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This article provides an overview of the funding streams that finance the U.S. child welfare system, reviews the federal legislation since 1970 that has led to the current funding structure, and ends with a discussion of how the Family First Prevention Services Act of 2018 has the potential to create better outcomes for children and families by promoting prevention activities and program support with strong evidence of success.
This guidance is designed to strengthen the capacity of government agencies in low resource settings to prepare a sound budgetary framework for policies, programs and services that aim to keep children in safe and nurturing family environments.
This one-page technical brief accompanies a Guidance Note on public expenditure and children's care. It describes how to include government strategy to promote the better care of children in the public budget.
This report builds on analysis undertaken in 2019 and incorporates 2019 and 2020 funding and additional funding streams related to refugee contexts to get an updated picture of the state of child protection funding in humanitarian contexts.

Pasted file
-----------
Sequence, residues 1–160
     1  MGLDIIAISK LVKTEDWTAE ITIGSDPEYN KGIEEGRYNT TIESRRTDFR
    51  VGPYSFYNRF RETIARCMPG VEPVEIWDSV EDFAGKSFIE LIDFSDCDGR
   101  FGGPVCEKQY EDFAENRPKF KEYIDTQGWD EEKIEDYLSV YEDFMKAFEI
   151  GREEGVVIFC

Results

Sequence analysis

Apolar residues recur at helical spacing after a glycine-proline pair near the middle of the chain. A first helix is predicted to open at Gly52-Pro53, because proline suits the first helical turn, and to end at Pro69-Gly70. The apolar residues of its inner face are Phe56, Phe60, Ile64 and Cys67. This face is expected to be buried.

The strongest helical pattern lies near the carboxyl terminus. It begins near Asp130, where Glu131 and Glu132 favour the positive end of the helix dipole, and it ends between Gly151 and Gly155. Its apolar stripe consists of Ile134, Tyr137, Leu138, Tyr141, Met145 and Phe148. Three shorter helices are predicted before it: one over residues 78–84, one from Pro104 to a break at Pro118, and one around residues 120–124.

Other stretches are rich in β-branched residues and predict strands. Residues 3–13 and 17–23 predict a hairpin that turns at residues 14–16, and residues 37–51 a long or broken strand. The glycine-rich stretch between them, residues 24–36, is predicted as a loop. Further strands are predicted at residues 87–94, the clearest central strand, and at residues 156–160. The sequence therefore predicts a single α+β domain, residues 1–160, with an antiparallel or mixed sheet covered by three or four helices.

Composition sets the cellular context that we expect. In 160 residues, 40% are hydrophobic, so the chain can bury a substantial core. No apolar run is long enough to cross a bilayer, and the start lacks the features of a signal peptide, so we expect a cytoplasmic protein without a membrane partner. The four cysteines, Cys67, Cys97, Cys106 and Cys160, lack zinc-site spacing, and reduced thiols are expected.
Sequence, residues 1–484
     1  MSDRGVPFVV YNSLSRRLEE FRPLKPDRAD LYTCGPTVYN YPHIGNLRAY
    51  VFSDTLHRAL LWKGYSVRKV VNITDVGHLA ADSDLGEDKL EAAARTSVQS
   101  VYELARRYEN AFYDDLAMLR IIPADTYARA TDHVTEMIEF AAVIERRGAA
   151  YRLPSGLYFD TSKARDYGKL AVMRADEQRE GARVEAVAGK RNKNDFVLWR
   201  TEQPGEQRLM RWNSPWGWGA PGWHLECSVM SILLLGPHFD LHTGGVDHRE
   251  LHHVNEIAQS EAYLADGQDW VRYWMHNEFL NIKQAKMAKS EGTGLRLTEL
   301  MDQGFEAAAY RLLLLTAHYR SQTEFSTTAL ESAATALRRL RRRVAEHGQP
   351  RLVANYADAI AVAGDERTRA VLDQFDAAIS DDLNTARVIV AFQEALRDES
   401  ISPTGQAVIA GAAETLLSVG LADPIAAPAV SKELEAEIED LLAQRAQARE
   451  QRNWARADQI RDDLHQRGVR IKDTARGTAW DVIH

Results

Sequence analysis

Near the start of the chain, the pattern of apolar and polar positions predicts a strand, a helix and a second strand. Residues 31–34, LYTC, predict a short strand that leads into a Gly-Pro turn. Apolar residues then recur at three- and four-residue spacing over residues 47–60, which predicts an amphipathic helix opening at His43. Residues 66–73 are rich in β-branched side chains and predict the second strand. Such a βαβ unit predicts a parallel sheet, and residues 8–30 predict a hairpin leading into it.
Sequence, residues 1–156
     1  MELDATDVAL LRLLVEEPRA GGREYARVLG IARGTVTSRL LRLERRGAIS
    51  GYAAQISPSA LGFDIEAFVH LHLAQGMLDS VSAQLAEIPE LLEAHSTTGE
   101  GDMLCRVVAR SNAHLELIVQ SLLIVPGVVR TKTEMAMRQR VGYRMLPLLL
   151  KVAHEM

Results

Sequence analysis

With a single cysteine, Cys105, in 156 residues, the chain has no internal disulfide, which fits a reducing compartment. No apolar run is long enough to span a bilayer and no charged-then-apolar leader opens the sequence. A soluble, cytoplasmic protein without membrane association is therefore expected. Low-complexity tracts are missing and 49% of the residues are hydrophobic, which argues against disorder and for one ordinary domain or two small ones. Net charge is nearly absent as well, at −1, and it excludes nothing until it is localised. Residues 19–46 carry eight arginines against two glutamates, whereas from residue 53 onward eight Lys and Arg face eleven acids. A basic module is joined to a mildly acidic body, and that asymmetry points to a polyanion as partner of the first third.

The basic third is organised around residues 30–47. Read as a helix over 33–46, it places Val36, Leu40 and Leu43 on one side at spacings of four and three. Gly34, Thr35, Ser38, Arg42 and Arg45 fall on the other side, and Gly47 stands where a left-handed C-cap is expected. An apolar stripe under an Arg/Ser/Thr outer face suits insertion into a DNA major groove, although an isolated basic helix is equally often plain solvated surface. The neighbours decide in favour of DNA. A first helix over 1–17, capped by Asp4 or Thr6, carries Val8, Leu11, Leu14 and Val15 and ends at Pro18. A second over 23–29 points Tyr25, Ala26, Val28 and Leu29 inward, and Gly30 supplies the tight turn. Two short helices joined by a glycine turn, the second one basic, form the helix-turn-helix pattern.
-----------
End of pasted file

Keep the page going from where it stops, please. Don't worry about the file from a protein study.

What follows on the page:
The Organizational Governance and Accountability Checklist is designed to help determine whether an organisation providing residential care services, and the principal donor (where the principal donor represents an entity), have sufficient governance and accountability structures in place to mitigate, manage and address risks or issues that may arise in the course of transitioning the model of care.
A cost analysis was conducted as part of a 5-year, federally funded statewide demonstration project to install universal trauma screening in one U.S. state’s child welfare system.
This article will make a case for investing in families and communities rather than orphanages by putting a spotlight on ECFG member investments in Asia.
The purpose of this paper is to examine child characteristics and child welfare services associated with high welfare costs in the US, defined as the top decile of child welfare costs.
One of several reports produced as part of the Scottish Independent Care Review, this report explains how Scotland can invest better in its children and families.
This paper was written by Dr Katherine Trebeck and is her reflections on what was found as a result of the work done to Follow the Money, the report of the Independent Care Review that produced the financial argument needed to challenge the way Scotland invests in its ‘care system’.